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Compression benchmarks 2017

As I had to send a disk based backup to another machine on a local network, I wanted to compress the backup data before sending it over the wire, of course. And as the last benchmark has been done one year ago, it was time for another one anyway :-)

$ ls -hgo disk.img
 -rw------- 1 861M Oct 25 23:02 disk.img

$ ./compress-test.sh -n 3 -f disk.img | tee foo.out

$ ./compress-test.sh -r foo.out
### Fastest compressor:
### pzstd/1c:      .75 seconds / 61.900% smaller 
### pigz/1c:      3.25 seconds / 60.100% smaller 
### zstd/1c:      3.25 seconds / 62.000% smaller 
### bro/1c:       3.50 seconds / 59.500% smaller 
### pzstd/9c:     6.00 seconds / 67.700% smaller 
### pigz/9c:     11.00 seconds / 63.800% smaller 
### gzip/1c:     12.00 seconds / 59.900% smaller 
### zstd/9c:     17.50 seconds / 68.000% smaller 
### pbzip2/9c:   18.00 seconds / 67.400% smaller 
### pbzip2/1c:   27.50 seconds / 64.900% smaller 
### lzma/1c:     53.50 seconds / 68.700% smaller 
### xz/1c:       54.75 seconds / 68.700% smaller 
### gzip/9c:     65.00 seconds / 63.700% smaller 
### bzip2/1c:    66.00 seconds / 64.900% smaller 
### bzip2/9c:    66.00 seconds / 67.500% smaller 
### bro/9c:      83.25 seconds / 70.500% smaller 
### lzma/9c:    240.50 seconds / 76.700% smaller 
### xz/9c:      243.75 seconds / 76.700% smaller 

### Smallest size:
### xz/9c:      243.75 seconds / 76.700% smaller 
### lzma/9c:    240.50 seconds / 76.700% smaller 
### bro/9c:      83.25 seconds / 70.500% smaller 
### xz/1c:       54.75 seconds / 68.700% smaller 
### lzma/1c:     53.50 seconds / 68.700% smaller 
### zstd/9c:     17.50 seconds / 68.000% smaller 
### pzstd/9c:     6.00 seconds / 67.700% smaller 
### bzip2/9c:    66.00 seconds / 67.500% smaller 
### pbzip2/9c:   18.00 seconds / 67.400% smaller 
### pbzip2/1c:   27.50 seconds / 64.900% smaller 
### bzip2/1c:    66.00 seconds / 64.900% smaller 
### pigz/9c:     11.00 seconds / 63.800% smaller 
### gzip/9c:     65.00 seconds / 63.700% smaller 
### zstd/1c:      3.25 seconds / 62.000% smaller 
### pzstd/1c:      .75 seconds / 61.900% smaller 
### pigz/1c:      3.25 seconds / 60.100% smaller 
### gzip/1c:     12.00 seconds / 59.900% smaller 
### bro/1c:       3.50 seconds / 59.500% smaller 

### Fastest decompressor:
### pzstd/dc:      .25 seconds
### zstd/dc:      1.00 seconds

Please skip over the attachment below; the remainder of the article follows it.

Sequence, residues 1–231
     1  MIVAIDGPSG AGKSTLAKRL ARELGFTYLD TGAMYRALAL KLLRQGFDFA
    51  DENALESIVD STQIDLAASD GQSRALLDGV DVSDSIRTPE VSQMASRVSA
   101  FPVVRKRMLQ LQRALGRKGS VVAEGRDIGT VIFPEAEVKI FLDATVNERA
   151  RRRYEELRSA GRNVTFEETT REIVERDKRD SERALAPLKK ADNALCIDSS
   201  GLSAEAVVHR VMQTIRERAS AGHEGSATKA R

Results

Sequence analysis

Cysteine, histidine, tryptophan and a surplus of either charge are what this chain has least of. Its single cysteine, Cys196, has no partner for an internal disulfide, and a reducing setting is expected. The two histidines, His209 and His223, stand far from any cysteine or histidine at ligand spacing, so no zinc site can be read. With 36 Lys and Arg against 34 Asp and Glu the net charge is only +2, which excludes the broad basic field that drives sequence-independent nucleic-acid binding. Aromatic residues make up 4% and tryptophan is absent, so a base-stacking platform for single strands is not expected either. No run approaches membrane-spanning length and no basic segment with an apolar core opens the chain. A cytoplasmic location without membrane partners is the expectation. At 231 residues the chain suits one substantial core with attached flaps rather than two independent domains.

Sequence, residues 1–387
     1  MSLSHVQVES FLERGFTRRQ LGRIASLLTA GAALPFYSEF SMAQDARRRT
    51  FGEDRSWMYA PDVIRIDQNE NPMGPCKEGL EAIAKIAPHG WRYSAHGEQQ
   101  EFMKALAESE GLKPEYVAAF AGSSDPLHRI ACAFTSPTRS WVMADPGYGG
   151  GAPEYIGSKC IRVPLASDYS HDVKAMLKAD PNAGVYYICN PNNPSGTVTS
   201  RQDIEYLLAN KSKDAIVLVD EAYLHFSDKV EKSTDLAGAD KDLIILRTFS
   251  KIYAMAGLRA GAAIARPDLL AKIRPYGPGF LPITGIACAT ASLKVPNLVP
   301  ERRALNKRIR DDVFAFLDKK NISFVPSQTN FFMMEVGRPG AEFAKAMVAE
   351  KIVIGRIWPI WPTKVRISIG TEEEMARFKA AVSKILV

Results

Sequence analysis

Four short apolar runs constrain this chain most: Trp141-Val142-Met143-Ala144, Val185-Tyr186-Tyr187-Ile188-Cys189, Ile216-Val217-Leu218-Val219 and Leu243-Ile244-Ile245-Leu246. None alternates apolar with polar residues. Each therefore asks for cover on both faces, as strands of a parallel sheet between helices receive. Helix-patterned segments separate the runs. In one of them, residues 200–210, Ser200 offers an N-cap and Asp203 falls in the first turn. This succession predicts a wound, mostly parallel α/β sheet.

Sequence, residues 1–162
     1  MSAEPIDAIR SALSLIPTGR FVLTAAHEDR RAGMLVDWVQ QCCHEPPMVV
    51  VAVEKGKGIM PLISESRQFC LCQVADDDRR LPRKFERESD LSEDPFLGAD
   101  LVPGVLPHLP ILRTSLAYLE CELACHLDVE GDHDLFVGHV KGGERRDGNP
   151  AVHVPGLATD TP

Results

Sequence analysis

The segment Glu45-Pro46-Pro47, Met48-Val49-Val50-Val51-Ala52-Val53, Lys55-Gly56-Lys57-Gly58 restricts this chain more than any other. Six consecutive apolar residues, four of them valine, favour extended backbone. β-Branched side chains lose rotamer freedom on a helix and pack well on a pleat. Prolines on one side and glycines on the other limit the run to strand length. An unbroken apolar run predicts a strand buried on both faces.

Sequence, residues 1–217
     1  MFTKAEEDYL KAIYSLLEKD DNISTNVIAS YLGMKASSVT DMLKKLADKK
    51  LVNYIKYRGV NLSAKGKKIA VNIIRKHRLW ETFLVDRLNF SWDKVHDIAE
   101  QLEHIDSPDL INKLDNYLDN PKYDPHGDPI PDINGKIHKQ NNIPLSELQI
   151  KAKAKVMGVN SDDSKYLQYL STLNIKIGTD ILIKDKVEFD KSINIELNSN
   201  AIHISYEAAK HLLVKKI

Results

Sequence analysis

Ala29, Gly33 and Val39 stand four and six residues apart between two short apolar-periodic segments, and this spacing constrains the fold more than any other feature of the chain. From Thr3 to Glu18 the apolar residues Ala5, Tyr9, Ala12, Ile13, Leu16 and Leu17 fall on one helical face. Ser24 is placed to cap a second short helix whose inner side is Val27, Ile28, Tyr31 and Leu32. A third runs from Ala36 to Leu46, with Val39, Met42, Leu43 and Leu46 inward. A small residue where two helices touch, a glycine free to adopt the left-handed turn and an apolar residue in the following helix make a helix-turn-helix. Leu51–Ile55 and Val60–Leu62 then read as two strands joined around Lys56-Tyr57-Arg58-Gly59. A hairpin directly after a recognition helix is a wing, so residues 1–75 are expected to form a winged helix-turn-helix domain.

### bro/dc:       2.25 seconds
### pigz/dc:      2.75 seconds
### gzip/dc:      4.25 seconds
### pbzip2/dc:    5.00 seconds
### lzma/dc:     14.25 seconds
### xz/dc:       15.25 seconds
### bzip2/dc:    20.75 seconds
Now the only thing left is to extend our little benchmark scripts to actually compare these to last year's results...

letsencrypt.sh

So, while this site cannot be equipped with any kind of TLS certificates (don't ask), I'm using Let's Encrypt certificates for some other web sites. But as much as I like everything the EFF does, I despise their official LE client, for apparent reasons:

$ sudo apt-get install certbot
[....]
The following NEW packages will be installed:
  certbot python-acme python-certbot python-cffi-backend python-configargparse python-configobj python-cryptography python-enum34 python-funcsigs python-idna python-ipaddress
  python-mock python-openssl python-parsedatetime python-pbr python-pyasn1 python-requests python-rfc3339 python-six python-tz python-urllib3 python-zope.component
  python-zope.event python-zope.hookable python-zope.interface
0 upgraded, 25 newly installed, 0 to remove and 3 not upgraded.
No, thank you :-\ Luckily, their ACME protocol allows for many more client options to choose from. After some experiments, I almost settled for letsencrypt.sh, but ran into unfixed bugs and ended up with a fork of the same. With that, I wanted to cover two use cases:

Local server

In this scenario, the letsencrypt.sh client is requesting (and validating) certificates for the same machine it's running on. This is also the machine where our account key resides. The work flow is basically:
## Needs to be done only once:
$ letsencrypt.sh register -a letsencrypt-account-key.pem \
      -e webmaster@example.org

$ umask 0022
$ letsencrypt.sh sign -a letsencrypt-account-key.pem \
      -k letsencrypt-example-key.pem \
      -w /var/www/.well-known/acme-challenge/ \
      -c letsencrypt-$(date -I)-example-cert.pem www.example.org mail.example.org
The well-known path should be writeable by the user executing the letsencrypt.sh script and readable by the webserver. That way, we don't have to play funky games with our webserver configuration, trying to generate the responses dynamically but instead we (temporarily) create actual files in that directory to be validated in the process. This may not work when renewing certificates for different domains, though.

We may need the full certificate chain (and some DH parameters too), so let's concatenate them altogether:
$ cat letsencrypt-$(date -I)-example-cert.pem \
      letsencrypt-$(date -I)-example-cert.pem_chain \